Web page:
Complete ONE of the following
Create a 30 minute or longer presentation to be given at a professional development workshop. It should relate to the themes discussed in this course. Upload your presentation below.
A communications revolution has come to the entire world.
As educational practices shift, the ability to communicate with virtually anyone on the planet will surely influence our abilities to reach out to a much wider group of people to help us collaborate and learn.
It also influences how we relate to people and how we can now operate in a virtual world where we never see each other in person, but trust each other with our thoughts, ideas and even money!
Check out the videos in the resource section (or find some of your own) and write a 750 word paper where you discuss the communication revolution, both current and future.
What is its impact on education?
Where will the revolution lead humanity?
What are the upsides and downsides of the communication revolution?
What impact will our behavior today (adult and student) impact our digital reputation in the future? What, other than going off the grid and the Internet, can we/should we do about it?
Any other thoughts you would like to discuss.
Education, Technology and Our World TED Videos
Seth Godin argues the Internet has ended mass marketing and revived a human social unit from the distant past: tribes. Founded on shared ideas and values, tribes give ordinary people the power to lead and make big change. He urges us to do so.
In this prescient 2005 talk, Clay Shirky shows how closed groups and companies will give way to looser networks where small contributors have big roles and fluid cooperation replaces rigid planning.
Jimmy Wales recalls how he assembled 'a ragtag band of volunteers,' gave them tools for collaborating and created Wikipedia, the self-organizing, self-correcting, never-finished online encyclopedia.
In a funny, rapid-fire 4 minutes, Alexis Ohanian of Reddit tells the real-life fable of one humpback whale's rise to Web stardom. The lesson of Mister Splashy Pants is a shoo-in classic for meme-makers and marketers in the Facebook age.
While news from Iran streams to the world, Clay Shirky shows how Facebook, Twitter and TXTs help citizens in repressive regimes to report on real news, bypassing censors (however briefly). The end of top-down control of news is changing the nature of politics.
The recent generations have been bathed in connecting technology from birth, says futurist Don Tapscott, and as a result the world is transforming into one that is far more open and transparent. In this inspiring talk, he lists the four core principles that show how this open world can be a far better place.
In the year leading up to this talk, the web tool Twitter exploded in size (up 10x during 2008 alone). Co-founder Evan Williams reveals that many of the ideas driving that growth came from unexpected uses invented by the users themselves.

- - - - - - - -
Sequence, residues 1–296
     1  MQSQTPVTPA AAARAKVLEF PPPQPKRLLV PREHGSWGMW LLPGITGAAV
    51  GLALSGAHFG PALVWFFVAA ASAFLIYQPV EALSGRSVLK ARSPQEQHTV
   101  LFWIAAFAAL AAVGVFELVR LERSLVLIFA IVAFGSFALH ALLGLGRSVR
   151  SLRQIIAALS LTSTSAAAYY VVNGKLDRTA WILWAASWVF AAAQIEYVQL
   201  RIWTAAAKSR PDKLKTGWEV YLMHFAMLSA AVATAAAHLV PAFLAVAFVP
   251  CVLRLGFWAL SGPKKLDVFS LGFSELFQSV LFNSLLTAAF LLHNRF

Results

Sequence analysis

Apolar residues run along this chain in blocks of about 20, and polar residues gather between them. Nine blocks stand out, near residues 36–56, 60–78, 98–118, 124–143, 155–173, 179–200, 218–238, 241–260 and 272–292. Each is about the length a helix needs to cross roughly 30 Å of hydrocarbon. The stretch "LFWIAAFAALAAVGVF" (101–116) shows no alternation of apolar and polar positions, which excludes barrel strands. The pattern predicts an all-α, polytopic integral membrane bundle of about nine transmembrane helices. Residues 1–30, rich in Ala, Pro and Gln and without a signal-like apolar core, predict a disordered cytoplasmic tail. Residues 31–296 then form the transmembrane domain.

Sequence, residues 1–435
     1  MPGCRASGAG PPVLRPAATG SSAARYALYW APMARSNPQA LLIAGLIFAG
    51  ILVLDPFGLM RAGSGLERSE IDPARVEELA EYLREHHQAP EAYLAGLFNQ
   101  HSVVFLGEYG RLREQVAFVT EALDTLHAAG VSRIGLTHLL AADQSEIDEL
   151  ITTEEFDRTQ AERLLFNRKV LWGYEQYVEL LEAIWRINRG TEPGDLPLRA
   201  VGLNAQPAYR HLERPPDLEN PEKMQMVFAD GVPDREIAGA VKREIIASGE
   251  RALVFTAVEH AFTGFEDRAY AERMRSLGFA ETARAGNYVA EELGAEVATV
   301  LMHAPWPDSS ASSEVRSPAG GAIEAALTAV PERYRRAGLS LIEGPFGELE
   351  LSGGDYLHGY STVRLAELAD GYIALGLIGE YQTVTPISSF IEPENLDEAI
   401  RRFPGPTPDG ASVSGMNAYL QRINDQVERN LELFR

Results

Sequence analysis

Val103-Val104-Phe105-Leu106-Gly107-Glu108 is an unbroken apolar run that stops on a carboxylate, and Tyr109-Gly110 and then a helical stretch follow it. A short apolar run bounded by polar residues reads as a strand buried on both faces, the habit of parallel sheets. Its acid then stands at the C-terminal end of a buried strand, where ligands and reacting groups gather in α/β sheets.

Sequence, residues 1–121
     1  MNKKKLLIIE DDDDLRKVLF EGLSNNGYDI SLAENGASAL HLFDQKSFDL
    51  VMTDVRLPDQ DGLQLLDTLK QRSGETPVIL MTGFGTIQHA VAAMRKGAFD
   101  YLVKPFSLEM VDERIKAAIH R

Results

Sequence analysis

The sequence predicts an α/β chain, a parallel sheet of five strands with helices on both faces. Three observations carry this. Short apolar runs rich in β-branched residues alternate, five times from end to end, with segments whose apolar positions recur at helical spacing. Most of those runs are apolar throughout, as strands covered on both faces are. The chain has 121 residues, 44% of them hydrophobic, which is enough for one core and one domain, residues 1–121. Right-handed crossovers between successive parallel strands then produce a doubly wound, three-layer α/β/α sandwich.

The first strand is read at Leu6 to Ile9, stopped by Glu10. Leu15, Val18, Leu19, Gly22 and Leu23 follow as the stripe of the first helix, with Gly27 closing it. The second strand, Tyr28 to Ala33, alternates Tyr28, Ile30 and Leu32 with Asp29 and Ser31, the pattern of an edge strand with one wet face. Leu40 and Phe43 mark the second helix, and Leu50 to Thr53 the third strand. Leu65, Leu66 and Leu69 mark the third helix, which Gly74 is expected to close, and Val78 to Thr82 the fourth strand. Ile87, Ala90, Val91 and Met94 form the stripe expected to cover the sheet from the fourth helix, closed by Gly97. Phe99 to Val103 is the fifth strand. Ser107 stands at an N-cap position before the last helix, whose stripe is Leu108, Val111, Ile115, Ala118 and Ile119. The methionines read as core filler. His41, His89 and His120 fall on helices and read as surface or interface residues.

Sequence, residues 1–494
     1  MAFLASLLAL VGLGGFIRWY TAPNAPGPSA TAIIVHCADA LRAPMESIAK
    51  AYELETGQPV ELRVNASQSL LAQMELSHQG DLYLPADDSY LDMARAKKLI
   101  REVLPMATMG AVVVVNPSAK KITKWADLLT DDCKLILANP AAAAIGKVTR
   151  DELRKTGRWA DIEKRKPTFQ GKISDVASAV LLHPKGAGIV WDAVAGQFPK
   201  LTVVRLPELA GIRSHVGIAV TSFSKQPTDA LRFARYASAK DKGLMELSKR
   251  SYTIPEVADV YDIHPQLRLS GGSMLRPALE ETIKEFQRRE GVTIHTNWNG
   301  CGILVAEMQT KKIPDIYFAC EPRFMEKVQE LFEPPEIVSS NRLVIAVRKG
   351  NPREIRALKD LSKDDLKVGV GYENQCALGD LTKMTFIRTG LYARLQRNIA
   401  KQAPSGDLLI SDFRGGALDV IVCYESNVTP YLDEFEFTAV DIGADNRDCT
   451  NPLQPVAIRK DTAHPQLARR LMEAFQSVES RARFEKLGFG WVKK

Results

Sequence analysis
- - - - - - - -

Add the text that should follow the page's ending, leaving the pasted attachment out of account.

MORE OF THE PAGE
James Surowiecki pinpoints the moment when social media became an equal player in the world of news-gathering: the 2005 tsunami, when YouTube video, blogs, IMs and txts carried the news -- and preserved moving personal stories from the tragedy.
When every cellphone can record video and take pictures, everyone is a potential news source. Reporter Paul Lewis tells two stories that show us the future of investigative journalism.
(Filmed at TEDxThessaloniki.)
What is new about how teenagers communicate through services such as Facebook, Twitter, and Instagram? Do social media affect the quality of teens’ lives? Youth culture and technology expert Danah Boy
Today's math curriculum is teaching students to expect -- and excel at -- paint-by-numbers classwork, robbing kids of a skill more important than solving problems: formulating them. Dan Meyer shows classroom-tested math exercises that prompt students to stop and think.
Career analyst Dan Pink examines the puzzle of motivation, starting with a fact that social scientists know but most managers don't: Traditional rewards aren't always as effective as we think. Listen for illuminating stories -- and maybe, a way forward.
Sir Ken Robinson outlines 3 principles crucial for the human mind to flourish -- and how current education culture works against them. In a funny, stirring talk he tells us how to get out of the educational 'death valley' we now face, and how to nurture our youngest generations with a climate of possibility.
Monica Lewinsky advocates for a safer and more compassionate social media environment, drawing from her unique experiences at the epicenter of a media maelstrom in 1998.
Babble.com publishers Rufus Griscom and Alisa Volkman, in a lively tag-team, expose 4 facts that parents never, ever admit -- and why they should. Funny and honest, for parents and nonparents alike.
In this talk from RSA Animate, Sir Ken Robinson lays out the link between 3 troubling trends: rising drop-out rates, schools' dwindling stake in the arts, and ADHD. An important, timely talk for parents and teachers.
Education scientist Sugata Mitra tackles one of the greatest problems of education -- the best teachers and schools don't exist where they're needed most. In a series of real-life experiments from New Delhi to South Africa to Italy, he gave kids self-supervised access to the web and saw results that could revolutionize how we think about teaching.
Designer and architect Neri Oxman is leading the search for ways in which digital fabrication technologies can interact with the biological world. Working at the intersection of computational design, additive manufacturing, materials engineering and synthetic biology, her lab is pioneering a new age of symbiosis between microorganisms, our bodies, our products and even our buildings.